Nick Saban, the feared and renowned football coach at Alabama, said he tested positive for coronavirus on Wednesday.
But there is a game on Saturday. A very big game, in fact: No 3. Georgia at No. 2 Alabama, a matchup that could help shape the College Football Playoff.
Yet Saban, frequently shown on television as a scowling sideline taskmaster, might have to watch from home.
How sick is he?
Alabama said from the moment it announced Saban’s positive test on Wednesday that the 68-year-old coach was asymptomatic. Saban spoke to reporters on a Zoom call a few hours after he received the test result, and he made his regular star turn on a radio show Thursday night.
“I don’t have any symptoms. I don’t have a fever,” Saban said Thursday. “They do all those oxygen tests and all that stuff, and everything’s normal.”
Contrary to some internet speculation, there is no evidence that Alabama’s announcement was a ruse to play mind games with Georgia.
So, can Saban do anything right now?
He coached practice via Zoom after he tested positive and headed home, watching with a camera angle that allowed him to see all 22 players.
“You see a lot more because you’re seeing the big picture rather than specific things,” Saban, who normally works at the front side of the defense, said Thursday night. “So it was a little interesting. I guess that’s why Coach Bryant always stood up in that tower.”
Bear Bryant won six national championships during his 25 years at Alabama. Saban, now in his 14th season in Tuscaloosa, has won five. Alabama’s campus already features bronze statues of both men.
Would they really let Saban call in from home during the game?
No. Steve Shaw, the N.C.A.A.’s national coordinator of football officials, issued a rules interpretation that said that a homebound coach could not “call into the press box or the sideline for anything related to coaching purposes.”
Shaw also concluded that a coach could not use videoconferencing technology to beam himself into the locker room during games. The ban on “any virtual session with the team,” which is related to broader limits on the use of technology by coaches on game days, begins 90 minutes before kickoff.
That must be a conspiracy against Alabama.
Nah. Shaw issued his memo in September, and Mike Norvell, Florida State’s coach, missed a Sept. 26 game at Miami after he tested positive for the virus.
Les Miles, the Kansas coach who tested positive this month, said Friday that although he had received medical approval to travel to Saturday’s game at West Virginia, he would stay behind in Lawrence because there was “too much unknown about this virus for me to feel 100 percent confident that I won’t transmit it to someone who comes into close contact with me.”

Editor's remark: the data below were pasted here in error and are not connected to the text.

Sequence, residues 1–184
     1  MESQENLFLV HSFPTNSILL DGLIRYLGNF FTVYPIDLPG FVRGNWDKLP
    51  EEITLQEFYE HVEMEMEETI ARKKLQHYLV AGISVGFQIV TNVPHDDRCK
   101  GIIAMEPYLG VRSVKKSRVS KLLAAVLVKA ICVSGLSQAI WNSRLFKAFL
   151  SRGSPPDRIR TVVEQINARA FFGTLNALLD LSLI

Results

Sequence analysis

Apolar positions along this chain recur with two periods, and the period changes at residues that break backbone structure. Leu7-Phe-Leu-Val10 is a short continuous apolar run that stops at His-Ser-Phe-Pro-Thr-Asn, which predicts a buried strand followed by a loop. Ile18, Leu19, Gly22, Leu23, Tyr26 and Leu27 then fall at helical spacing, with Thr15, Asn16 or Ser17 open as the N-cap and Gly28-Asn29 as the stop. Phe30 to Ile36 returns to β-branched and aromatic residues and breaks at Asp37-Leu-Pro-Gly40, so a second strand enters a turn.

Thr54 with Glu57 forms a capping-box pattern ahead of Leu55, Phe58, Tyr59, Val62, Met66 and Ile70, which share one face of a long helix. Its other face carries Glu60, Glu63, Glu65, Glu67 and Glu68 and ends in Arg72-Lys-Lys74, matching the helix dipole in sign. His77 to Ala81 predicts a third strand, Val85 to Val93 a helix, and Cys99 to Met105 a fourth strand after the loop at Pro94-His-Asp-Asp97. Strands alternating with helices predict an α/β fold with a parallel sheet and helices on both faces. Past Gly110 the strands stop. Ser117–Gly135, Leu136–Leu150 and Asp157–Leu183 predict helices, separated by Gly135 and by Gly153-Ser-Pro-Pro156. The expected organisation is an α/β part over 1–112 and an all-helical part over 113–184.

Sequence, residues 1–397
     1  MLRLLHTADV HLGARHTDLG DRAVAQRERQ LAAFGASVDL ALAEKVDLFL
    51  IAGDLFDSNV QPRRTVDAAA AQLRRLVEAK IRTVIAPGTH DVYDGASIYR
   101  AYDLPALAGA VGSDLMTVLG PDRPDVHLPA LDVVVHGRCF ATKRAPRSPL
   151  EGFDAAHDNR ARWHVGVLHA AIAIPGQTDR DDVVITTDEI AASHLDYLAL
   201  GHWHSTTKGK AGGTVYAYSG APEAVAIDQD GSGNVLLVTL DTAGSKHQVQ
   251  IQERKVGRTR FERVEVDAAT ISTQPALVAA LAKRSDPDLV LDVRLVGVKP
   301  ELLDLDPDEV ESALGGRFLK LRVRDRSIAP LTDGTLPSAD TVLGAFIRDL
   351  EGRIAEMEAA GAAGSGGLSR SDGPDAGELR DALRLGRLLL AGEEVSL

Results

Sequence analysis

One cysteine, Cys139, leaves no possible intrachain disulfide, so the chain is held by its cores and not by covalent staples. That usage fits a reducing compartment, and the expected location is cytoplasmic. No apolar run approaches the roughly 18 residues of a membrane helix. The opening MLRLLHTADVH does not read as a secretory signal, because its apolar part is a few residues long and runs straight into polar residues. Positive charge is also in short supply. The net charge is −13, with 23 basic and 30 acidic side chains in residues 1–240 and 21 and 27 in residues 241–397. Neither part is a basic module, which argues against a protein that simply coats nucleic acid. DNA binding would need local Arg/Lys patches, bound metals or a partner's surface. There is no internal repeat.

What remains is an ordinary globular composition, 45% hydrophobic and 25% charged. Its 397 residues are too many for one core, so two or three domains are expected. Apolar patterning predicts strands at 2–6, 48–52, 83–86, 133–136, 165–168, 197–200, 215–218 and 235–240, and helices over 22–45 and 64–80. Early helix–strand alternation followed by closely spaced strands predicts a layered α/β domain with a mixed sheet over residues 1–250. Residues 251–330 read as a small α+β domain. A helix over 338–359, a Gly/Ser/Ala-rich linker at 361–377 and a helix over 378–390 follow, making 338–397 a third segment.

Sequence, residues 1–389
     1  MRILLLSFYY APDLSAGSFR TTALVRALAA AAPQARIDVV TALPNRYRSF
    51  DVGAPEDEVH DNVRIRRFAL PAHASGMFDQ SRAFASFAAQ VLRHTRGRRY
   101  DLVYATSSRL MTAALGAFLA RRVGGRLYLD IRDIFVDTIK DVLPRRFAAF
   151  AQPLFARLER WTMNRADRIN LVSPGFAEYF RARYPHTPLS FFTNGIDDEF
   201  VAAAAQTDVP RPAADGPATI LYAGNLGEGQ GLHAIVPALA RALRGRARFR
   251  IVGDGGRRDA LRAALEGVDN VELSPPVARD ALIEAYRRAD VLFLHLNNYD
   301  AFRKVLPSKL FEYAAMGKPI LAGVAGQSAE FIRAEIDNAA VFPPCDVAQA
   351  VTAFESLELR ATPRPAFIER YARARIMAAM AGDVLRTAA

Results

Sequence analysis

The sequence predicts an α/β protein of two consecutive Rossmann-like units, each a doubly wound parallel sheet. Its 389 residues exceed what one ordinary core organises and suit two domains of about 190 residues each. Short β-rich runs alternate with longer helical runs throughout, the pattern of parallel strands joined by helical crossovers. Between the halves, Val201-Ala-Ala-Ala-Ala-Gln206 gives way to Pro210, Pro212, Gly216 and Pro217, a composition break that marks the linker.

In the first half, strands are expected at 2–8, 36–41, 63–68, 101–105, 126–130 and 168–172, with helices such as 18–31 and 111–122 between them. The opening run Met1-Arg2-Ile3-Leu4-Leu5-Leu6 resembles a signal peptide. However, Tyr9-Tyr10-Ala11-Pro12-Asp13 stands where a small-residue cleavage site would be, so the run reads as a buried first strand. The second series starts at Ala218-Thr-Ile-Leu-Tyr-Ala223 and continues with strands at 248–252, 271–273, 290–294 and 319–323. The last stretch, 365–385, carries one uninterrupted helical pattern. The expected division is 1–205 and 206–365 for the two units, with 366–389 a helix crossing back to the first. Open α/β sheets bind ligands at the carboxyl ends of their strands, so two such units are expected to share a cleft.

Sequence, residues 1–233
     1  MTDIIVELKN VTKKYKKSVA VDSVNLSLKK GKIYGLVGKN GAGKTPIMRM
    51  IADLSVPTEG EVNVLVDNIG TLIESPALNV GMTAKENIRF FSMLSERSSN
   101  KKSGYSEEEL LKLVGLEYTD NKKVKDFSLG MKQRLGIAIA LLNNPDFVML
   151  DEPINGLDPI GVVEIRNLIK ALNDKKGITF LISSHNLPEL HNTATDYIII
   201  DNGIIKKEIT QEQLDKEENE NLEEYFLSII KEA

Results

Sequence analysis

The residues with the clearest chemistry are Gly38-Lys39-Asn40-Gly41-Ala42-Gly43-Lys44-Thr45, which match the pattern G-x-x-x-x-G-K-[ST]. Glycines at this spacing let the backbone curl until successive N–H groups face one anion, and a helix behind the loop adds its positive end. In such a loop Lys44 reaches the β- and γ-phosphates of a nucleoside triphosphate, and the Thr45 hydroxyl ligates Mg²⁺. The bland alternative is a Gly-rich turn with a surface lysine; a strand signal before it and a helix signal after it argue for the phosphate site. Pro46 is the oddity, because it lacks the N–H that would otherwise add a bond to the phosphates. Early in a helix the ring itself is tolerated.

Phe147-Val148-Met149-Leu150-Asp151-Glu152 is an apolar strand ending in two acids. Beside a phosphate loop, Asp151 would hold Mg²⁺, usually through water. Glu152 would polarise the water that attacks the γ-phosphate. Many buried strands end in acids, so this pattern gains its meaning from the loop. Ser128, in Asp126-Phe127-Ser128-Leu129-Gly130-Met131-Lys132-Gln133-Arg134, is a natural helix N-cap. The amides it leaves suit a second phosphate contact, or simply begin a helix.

Saban, while being careful not to criticize anyone directly, said Thursday that there “ought to be a better way” for an isolated head coach to play a role on game day.
“You ought to be able to have some kind of communication with the sidelines, just like I have communication with somebody on the field during practice,” he said. “I can’t directly talk to a player, but I can say, ‘Hey, tell 22 that he was supposed to reroute the guy’ or whatever. You can’t have any of that, and that doesn’t seem quite right.”
What about that guy who coached from a mechanical lift in Mississippi?
He was a high school coach beyond the N.C.A.A.’s reach. Also, he had been exposed to the virus but had not tested positive, according to The Clarion Ledger newspaper in Jackson, Miss.
Didn’t Hugh Freeze coach from what was basically a hospital bed?
Yes. But that wasn’t during a pandemic, and other people could still be near Freeze, the Liberty coach.
Is there any way people can get out of isolation before the game?
There is. The Southeastern Conference’s health and safety protocols include a multiday procedure that can lead to an asymptomatic person who tested positive exiting isolation quicker than anticipated.
Within 24 hours of a positive result, the person may take a second polymerase chain reaction test, which experts consider the gold standard for detecting the virus. If that test returns a negative result, the person can take two more P.C.R. tests, each separated by 24 hours.
If those tests also show negative results and the person remains asymptomatic, the player, coach or staff member “may be released from isolation and medically cleared to return to athletics activities only,” according to the SEC’s guidelines.
Must be a conspiracy to help Alabama.
As compelling of a story as that would be, it wouldn’t be true. The SEC has frequently revised its medical protocols, and the league’s chancellors and presidents approved the procedure for asymptomatic people on Oct. 8. The conference released its current standards on Monday, two days before Saban’s positive test.
Alabama has not said whether Saban tested negative on Thursday or Friday.
If Saban really is absent, who’s in charge for Alabama?
Saban said that Steve Sarkisian, Alabama’s offensive coordinator and a former head coach at Southern California and Washington, would take the lead.
Of course, Saban also left the slightest hint that there could be a surprise.
“I would hate not to be at the game on Saturday,” he said, “if that’s what this turns out to be.”